By: Emily Tolino, ’16, University Health Center, Nutrition Peer Educator
Trick or Treat! It’s that time of year again: the weather is getting colder, the trees are turning colors, and pumpkins are everywhere you turn. Most importantly, it’s almost Halloween!
As a kid, Halloween was always one of my favorite times of the year. My friends and I would begin picking out our costumes months in advance and spent hours carving the perfect jack-o-lanterns. Rumors about which house had the best treats to give away on Halloween night traveled quickly around the neighborhood. At the end of the night, I would spread my assortment of candy across the floor and feast, satisfied by the adventure I had just had.
While we may not be out going door-to-door anymore, as we grow older, Halloween can become a time full of anxiety and guilt surrounding those sought-after treats.
During a time full of baked goods at office parties and the onset of the holiday season, many people become more and more anxious about the food they eat. In a world filled with negative attitudes about food, it can be hard to enjoy a holiday full of treats.
This Halloween, let’s do something new. Let’s enjoy Halloween like kids again!
Here are 3 tips to putting the fun back in this holiday:
- Leave guilt at the door. Give yourself permission to enjoy all your favorite parts of Halloween: yes, even the candy! Instead of branding treats as “bad,” acknowledge foods as sources of fuel and enjoyment for your body and mind. This Halloween season, allow yourself to have your treats and eat them too!
- Practice intuitive eating. “Intuitive eating” is the method of approaching food that involves listening to your body’s hunger and full signals. Eat when you’re hungry, stop when you’re comfortably full and don’t assign “good or bad” labels to food. It’s as easy as that! Don’t feel as though you need to deny yourself the pleasure of your Halloween favorites – in a healthy diet, nothing is off limits when it’s enjoyed intuitively.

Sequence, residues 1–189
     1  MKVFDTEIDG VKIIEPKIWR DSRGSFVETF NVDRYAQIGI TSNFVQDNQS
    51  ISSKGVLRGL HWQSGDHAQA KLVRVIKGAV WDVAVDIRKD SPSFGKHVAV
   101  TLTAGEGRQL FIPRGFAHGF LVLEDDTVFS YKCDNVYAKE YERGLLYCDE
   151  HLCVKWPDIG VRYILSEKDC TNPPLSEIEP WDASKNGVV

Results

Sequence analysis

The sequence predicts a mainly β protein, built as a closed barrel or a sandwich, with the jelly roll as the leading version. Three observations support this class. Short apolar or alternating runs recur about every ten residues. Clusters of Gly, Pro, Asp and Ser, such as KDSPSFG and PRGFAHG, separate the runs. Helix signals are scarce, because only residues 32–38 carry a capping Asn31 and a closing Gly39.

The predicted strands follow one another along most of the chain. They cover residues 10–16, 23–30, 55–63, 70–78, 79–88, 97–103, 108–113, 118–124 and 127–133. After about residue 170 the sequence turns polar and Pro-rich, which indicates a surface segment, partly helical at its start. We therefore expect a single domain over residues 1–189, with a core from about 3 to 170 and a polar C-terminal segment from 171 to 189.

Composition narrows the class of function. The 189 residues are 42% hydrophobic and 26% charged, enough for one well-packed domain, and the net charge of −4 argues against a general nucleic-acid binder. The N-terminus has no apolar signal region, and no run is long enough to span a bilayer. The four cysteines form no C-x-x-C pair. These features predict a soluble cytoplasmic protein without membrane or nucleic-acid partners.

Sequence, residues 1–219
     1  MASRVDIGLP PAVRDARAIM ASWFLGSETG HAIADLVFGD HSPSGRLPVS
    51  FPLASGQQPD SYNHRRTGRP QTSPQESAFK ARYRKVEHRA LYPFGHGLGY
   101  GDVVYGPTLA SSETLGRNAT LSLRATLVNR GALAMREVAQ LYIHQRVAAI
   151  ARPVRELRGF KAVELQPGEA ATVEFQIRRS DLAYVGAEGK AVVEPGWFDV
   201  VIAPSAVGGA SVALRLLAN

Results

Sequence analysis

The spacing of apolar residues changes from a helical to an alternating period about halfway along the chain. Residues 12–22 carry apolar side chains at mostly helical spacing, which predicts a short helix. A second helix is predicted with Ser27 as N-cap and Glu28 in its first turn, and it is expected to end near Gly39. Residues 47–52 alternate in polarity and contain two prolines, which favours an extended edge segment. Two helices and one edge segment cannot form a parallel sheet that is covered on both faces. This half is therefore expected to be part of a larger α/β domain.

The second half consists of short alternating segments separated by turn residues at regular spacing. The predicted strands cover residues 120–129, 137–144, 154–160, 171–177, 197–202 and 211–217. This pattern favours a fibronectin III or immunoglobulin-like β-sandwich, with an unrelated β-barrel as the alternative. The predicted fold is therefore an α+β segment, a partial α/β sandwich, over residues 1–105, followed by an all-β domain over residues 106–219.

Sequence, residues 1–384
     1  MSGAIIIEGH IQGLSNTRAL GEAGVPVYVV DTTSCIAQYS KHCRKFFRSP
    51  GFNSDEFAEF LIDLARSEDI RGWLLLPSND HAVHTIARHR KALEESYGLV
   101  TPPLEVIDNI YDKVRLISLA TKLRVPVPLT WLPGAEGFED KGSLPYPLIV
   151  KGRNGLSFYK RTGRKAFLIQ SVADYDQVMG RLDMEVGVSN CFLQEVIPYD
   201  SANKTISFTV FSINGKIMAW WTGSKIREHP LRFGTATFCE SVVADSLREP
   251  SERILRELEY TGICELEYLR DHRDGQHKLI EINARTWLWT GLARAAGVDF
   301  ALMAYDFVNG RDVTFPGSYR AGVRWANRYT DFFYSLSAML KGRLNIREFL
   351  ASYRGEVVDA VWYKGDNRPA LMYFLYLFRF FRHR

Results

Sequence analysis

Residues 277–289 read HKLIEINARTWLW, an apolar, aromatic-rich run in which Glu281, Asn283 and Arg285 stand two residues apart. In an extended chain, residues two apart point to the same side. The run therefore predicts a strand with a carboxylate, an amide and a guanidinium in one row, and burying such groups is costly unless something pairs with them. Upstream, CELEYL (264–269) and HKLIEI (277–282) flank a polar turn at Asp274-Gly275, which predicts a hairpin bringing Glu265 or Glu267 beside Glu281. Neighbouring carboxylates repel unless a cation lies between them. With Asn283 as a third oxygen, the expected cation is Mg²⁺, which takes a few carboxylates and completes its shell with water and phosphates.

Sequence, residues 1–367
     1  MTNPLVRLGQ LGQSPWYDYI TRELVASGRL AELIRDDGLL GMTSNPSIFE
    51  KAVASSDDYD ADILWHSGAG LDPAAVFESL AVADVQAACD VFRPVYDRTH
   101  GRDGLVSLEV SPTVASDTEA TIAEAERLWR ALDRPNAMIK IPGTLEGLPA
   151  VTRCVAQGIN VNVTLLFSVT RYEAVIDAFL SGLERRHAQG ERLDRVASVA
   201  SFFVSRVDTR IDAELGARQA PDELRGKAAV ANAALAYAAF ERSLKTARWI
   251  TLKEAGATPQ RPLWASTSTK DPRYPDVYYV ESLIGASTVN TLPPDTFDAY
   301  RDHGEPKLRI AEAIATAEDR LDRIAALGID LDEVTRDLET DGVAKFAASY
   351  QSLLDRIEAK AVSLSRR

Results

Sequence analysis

- Savor every bite. Halloween candy tastes a lot better when it’s savored and enjoyed rather than scarfed down in a rush. This Halloween, take the time to fully enjoy your treats. Eat slowly and without too much distraction. Eating mindfully also allows your brain to catch up with your eyes allowing you to recognize when your body is satisfied.
This year, don’t let anxiety and uneasiness about sweets stop you from enjoying the holiday. It is important to remember that all foods can fit into a healthy lifestyle.
It’s safe to say that deprivation doesn’t work.
I know that when I actively deprive myself of a certain food, I only want to eat more and more of it. This reaction can cause unhappiness and overeating later on.
When it comes to a healthy diet, here are some important principles to remember:
- Variety. Variety is the spice of life! Eat foods of all different colors and from all different food groups. Varying your intake will lead to an increase in different types of nutrients.
- Balance. Think of your body as a scale. Without balance, the scale tips over to one side. Your body works the same way. Eating a balanced diet will keep you feeling in tip-top shape.
- Moderation. Some foods give your body the necessary fuel and nutrients it needs to thrive. Other foods are eaten purely for fun. While balance tells us that every food has a place in our diet, moderation tells us to keep anything from being in excess in our bodies.
Keeping these principles in mind will help you to relax and enjoy everything about October 31st from costumes to candy!
Whether your Halloween night will consist of a scary movie marathon with your friends or dressing up for a night out, remember to take these nutrition principles along with you.
Keep the fun in Halloween and rid yourself of guilt and anxiety.
This year, when the choice is Trick or Treat, pick the treat!
You can learn more about intuitive eating, the principles of variety, balance, and moderation, or general nutrition this holiday season by reserving your free Diet Analysis session at the University Health Center. To learn more about this service, you e-mail firstname.lastname@example.org or call 301-314-5664.